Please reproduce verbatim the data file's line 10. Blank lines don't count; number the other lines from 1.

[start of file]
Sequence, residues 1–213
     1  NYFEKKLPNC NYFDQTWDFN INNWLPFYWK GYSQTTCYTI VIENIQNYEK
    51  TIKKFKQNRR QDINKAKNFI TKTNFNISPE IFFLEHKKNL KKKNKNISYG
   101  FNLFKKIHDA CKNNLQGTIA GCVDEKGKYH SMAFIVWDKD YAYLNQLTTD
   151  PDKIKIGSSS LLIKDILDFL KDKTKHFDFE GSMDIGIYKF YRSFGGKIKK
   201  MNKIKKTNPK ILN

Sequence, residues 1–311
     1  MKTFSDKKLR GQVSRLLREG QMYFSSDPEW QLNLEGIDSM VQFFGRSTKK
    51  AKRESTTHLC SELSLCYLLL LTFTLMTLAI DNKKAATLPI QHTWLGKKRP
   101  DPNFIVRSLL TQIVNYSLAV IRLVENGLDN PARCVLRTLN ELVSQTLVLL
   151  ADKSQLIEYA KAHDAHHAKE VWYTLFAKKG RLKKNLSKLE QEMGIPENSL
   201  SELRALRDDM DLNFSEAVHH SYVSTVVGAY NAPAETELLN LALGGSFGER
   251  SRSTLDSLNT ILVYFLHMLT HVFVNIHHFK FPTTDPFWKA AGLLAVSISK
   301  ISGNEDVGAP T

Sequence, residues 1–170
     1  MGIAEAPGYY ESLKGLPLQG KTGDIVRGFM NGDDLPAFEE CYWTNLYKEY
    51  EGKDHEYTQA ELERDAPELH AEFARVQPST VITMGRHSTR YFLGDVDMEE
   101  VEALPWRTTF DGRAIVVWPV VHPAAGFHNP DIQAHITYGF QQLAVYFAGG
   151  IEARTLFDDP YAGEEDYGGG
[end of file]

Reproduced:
   101  DPNFIVRSLL TQIVNYSLAV IRLVENGLDN PARCVLRTLN ELVSQTLVLL